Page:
As necessary as they are, and even though they can be used properly and tactfully, blowers still annoy me. The noise, the dust, and the seemingly innate disregard for others are not justified by their efficiency. I have used them, so I know that a practical degree of tact does not compromise efficiency. They exemplify the worst of what a formerly respectable industry has become.

Too Much Oregano

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Herbs should do so well in an herb garden.

Vegetation management after several weeks of neglect has been . . . interesting. While we were unable to work, and during their most active growth of the year, weeds proliferated more than they had ever gotten away with before. As most get cut down by weed whackers, I pull those that mingled with desirable plants that weed whackers must avoid. It is a tedious process.

One of the more tedious of these projects, and perhaps the most tedious so far, required the removal of abundant weeds from a dense row of carpet roses. Fortunately, it was not as bad as I expected it to be. They young man who weeded this area during winter had done a remarkably thorough job, and eradicated most of the dreaded oxalis and tougher perennial grassy weeds.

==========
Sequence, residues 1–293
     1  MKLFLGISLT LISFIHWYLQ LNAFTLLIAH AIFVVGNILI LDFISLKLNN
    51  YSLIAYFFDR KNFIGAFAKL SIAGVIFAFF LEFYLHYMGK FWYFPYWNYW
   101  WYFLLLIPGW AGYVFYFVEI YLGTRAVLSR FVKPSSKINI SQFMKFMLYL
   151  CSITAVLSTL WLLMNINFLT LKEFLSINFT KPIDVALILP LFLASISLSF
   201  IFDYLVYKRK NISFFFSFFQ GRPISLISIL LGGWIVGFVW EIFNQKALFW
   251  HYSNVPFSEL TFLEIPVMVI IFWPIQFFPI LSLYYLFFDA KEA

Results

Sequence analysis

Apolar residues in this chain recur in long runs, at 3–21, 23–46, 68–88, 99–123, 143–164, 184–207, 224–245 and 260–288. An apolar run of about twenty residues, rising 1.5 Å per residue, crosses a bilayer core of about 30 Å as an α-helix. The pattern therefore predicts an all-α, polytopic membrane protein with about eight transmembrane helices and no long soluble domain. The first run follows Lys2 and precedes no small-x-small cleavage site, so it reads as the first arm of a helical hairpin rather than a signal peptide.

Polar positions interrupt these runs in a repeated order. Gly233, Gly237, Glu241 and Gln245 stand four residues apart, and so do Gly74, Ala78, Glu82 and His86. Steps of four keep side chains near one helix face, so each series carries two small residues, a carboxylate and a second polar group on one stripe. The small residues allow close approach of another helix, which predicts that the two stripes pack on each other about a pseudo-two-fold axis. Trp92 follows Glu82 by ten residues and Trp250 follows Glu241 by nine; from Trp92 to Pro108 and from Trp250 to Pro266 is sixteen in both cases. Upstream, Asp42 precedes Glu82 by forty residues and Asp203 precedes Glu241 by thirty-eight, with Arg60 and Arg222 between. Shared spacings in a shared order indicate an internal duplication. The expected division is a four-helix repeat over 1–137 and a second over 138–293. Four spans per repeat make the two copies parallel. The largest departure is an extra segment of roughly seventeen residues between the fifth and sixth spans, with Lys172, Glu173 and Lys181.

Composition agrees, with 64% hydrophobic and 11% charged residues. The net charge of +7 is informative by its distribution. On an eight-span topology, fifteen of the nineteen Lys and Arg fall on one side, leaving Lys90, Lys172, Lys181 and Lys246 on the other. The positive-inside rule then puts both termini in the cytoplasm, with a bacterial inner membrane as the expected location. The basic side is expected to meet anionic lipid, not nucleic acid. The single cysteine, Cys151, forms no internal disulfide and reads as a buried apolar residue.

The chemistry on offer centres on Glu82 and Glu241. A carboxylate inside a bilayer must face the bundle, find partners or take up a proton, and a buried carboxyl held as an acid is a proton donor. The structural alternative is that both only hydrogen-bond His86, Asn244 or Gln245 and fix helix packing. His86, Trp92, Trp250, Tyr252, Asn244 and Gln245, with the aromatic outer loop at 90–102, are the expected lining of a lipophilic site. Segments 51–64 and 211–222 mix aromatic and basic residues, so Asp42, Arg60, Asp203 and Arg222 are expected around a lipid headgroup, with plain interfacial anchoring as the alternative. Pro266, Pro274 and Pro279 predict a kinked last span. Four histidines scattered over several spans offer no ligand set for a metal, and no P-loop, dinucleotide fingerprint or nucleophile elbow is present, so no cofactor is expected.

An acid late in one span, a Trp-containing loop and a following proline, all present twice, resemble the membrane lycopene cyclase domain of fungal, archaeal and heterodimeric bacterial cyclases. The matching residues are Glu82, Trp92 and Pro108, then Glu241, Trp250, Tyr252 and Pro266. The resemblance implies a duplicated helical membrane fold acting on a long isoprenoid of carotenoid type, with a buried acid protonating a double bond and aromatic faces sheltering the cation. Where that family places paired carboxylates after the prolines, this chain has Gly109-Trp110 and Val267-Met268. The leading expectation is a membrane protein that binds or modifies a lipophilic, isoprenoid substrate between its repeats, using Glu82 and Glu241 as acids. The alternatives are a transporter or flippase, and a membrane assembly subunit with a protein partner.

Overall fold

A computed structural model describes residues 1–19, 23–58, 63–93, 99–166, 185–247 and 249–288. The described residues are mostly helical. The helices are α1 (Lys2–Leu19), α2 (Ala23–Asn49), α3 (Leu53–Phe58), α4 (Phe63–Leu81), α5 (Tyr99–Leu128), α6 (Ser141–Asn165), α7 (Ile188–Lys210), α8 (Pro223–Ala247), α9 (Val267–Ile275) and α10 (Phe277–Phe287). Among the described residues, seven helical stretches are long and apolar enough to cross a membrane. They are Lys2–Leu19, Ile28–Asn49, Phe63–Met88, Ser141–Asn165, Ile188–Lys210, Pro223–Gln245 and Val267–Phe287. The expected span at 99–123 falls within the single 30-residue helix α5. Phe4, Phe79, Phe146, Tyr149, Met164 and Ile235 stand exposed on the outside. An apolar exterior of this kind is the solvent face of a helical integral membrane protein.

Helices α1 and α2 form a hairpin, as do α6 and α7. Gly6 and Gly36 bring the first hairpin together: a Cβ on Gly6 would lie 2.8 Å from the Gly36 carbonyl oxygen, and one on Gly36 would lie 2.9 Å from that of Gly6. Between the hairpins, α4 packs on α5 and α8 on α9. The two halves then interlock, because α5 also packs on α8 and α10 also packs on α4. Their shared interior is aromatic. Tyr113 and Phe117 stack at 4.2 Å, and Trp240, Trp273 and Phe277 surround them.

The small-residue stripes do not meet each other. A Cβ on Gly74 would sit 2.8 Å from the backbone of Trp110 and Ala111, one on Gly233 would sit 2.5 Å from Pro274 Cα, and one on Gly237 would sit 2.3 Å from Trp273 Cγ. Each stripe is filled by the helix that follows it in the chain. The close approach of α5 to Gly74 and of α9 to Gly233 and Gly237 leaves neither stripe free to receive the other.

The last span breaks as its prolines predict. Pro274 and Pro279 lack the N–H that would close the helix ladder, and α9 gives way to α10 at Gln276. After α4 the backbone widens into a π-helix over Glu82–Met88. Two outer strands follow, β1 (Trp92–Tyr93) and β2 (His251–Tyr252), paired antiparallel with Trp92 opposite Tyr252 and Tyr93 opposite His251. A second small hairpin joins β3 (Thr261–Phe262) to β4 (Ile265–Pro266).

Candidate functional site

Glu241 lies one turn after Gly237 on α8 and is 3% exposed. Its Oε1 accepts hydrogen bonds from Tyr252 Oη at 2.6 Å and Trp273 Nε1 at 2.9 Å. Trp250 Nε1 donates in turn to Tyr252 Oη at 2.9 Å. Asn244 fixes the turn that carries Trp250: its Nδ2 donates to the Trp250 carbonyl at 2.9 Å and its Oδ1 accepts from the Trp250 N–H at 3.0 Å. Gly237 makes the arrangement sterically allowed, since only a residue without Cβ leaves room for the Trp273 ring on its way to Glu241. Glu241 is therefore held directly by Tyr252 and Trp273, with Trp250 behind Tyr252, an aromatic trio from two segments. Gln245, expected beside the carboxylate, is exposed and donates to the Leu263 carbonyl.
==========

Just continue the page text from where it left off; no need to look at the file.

The weeds that I pulled were big and impressive, but pulled out relatively easily. A few thistles were unpleasant to handle, but even they came out easily. Mock strawberry between some of the roses was still in good condition after the weeds that mingled with them were gone. I realize that I do not adequately appreciate all the weeding that happens here that I am not aware of.